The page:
Dubai: A group of women labourers were treated to an iftar and handed care packages by 29 children at the Kids World Nursery in Jumeirah Village Circle (JVC) on Tuesday.
The community event, organised by the nursery for 11 blue-collar women workers, was joined by parents of the children, staff members and members from the community.
From preparing fruit salads and helping their parents distribute the donated care packages, to singing songs for the women, the children, aged four and below, brought positivity to all those present at the iftar.
This is the second year that the Kids World Nursery has organised the iftar event with women workers, which is part of their educational programme called ‘Empathy’.
The care packages included bags of shampoo, cleaning supplies, packaged food, cans of food, rice and clothes, which were donated by the community and parents.
The children also gifted the workers a mirror and a framed group picture.
Over the past 10 years, research has shown that empathy is one of the main keys to all positive social interactions, said Nayla Tareq, Executive Director of Kids World Nursery.
“As a community nursery and educational institution, we have a responsibility to our parents and society to ensure we are providing our children with everything they need to be empathetic responsible citizens for the world of tomorrow,” Tareq said.
Parents, who came from 10 nationalities, said it was important for their children to be introduced to volunteering at a young age.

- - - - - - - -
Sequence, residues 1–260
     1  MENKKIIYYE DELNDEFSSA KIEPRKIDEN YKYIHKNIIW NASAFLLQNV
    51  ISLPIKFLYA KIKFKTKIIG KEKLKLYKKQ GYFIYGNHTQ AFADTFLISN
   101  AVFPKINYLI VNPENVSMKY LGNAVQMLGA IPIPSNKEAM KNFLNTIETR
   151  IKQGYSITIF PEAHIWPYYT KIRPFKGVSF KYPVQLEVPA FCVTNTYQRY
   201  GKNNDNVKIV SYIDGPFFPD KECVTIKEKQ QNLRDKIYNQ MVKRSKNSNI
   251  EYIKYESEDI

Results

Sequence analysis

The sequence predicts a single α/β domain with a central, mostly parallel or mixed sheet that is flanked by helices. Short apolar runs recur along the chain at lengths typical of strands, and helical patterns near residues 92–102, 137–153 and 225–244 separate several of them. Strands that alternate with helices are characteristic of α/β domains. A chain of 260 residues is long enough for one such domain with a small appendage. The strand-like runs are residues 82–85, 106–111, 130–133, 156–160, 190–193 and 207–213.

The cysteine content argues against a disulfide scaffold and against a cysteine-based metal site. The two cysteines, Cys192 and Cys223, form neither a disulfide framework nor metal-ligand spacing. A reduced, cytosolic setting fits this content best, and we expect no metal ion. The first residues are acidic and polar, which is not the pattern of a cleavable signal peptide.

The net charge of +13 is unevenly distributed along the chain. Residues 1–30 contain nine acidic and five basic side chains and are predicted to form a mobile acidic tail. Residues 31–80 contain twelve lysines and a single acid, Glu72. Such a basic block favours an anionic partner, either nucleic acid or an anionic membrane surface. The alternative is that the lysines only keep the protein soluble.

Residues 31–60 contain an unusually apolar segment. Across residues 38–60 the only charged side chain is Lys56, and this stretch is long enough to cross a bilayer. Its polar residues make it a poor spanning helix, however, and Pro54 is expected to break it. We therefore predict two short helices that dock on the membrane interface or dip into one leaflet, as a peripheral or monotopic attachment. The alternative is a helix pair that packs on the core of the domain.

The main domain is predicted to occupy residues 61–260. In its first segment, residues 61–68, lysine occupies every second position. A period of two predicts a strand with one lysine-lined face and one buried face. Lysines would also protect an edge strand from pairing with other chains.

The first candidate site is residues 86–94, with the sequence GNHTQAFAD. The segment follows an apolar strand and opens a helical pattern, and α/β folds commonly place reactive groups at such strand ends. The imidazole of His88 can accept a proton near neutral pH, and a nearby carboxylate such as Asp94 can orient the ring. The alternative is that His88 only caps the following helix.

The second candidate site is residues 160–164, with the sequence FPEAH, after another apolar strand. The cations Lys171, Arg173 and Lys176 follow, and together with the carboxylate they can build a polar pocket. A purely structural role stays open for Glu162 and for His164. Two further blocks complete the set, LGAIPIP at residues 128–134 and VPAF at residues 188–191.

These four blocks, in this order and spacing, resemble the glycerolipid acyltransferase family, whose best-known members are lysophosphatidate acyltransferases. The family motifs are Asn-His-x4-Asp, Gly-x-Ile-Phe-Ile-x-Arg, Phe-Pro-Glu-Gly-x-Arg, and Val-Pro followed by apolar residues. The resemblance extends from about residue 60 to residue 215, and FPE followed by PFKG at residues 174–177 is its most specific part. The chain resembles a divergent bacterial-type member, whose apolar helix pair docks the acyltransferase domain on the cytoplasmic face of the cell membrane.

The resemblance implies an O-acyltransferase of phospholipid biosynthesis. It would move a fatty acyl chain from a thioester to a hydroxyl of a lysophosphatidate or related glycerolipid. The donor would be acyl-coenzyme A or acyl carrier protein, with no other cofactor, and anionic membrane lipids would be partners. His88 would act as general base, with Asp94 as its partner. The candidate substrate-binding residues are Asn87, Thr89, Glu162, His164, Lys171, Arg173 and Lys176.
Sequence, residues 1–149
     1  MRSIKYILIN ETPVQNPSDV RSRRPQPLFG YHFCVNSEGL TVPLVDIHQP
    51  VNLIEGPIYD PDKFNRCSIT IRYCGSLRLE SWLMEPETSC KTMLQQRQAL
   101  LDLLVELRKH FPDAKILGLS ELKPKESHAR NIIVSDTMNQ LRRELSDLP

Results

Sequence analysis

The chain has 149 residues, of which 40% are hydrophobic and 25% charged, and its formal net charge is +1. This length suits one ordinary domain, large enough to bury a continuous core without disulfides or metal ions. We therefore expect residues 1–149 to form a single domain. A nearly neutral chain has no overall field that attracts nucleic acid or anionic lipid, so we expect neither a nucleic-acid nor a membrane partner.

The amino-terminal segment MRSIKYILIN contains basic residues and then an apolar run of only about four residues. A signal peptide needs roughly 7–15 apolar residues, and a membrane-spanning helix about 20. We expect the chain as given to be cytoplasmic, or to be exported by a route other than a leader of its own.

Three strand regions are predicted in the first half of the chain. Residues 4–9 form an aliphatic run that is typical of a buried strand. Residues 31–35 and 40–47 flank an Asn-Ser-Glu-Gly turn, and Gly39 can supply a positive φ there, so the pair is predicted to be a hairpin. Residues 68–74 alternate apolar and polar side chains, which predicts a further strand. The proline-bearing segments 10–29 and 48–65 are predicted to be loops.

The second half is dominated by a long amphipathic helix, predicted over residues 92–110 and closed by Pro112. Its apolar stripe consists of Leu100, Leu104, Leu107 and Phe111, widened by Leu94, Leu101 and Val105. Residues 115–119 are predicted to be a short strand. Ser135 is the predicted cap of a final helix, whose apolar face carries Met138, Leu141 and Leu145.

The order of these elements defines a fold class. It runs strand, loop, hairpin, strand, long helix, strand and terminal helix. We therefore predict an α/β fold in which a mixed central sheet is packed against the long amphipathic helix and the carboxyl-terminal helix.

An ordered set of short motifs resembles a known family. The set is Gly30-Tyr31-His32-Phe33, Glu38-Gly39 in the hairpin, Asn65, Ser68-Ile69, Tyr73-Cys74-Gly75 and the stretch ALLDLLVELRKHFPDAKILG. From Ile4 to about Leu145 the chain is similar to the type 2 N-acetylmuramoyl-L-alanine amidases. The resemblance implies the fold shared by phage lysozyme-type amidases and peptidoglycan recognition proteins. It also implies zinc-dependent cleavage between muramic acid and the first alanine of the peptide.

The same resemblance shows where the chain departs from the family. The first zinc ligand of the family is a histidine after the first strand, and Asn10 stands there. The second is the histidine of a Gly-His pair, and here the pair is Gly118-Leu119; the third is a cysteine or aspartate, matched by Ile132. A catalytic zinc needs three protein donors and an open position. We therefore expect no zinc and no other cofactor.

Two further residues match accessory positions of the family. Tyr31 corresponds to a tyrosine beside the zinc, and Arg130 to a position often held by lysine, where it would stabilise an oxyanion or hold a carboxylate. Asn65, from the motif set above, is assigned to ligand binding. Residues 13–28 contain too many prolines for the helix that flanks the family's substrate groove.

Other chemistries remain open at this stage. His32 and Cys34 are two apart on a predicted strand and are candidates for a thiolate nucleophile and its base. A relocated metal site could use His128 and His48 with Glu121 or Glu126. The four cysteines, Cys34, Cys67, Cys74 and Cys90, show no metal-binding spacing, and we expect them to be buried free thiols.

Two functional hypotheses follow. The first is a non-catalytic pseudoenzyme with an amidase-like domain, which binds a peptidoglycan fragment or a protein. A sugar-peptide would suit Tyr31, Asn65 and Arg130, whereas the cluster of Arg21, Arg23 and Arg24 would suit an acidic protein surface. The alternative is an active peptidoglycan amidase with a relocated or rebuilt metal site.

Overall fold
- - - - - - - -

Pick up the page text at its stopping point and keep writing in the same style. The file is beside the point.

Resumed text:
“The children need things like these to learn how to appreciate people around them. It makes them develop a lot more respect,” said Laila Holmes, a British mother of two-year-old Aydan.
“This was the first time my child joins an event like this, and I believe there should be more programmes that teach kids that everyone is equal. I always teach my child to talk to everyone and to not look down on people because of who they are or where they work.”
Another mother from Egypt said it was an opportunity to introduce her child to charity and sharing.
“I wanted my four-year-old to learn about the culture of giving, Ramadan, and giving people in need some daily essentials,” Nadine Nabeel said.
Nepalese worker, Binu, 40, said she was happy that people remembered and cared for them.
“It felt nice to meet the parents. It’s the first time that we met people outside our camp,” she said. “This is not our country, but I still felt so respected. I thought that no one asks about the cleaner, but today I realised I was wrong.”
Her friend, Parvati Kumari, 28, also from Nepal, was overwhelmed by the children’s gesture. “This is my second year in a row attending the iftar and it felt like we were meeting our own family. It also made us miss our own,” she said.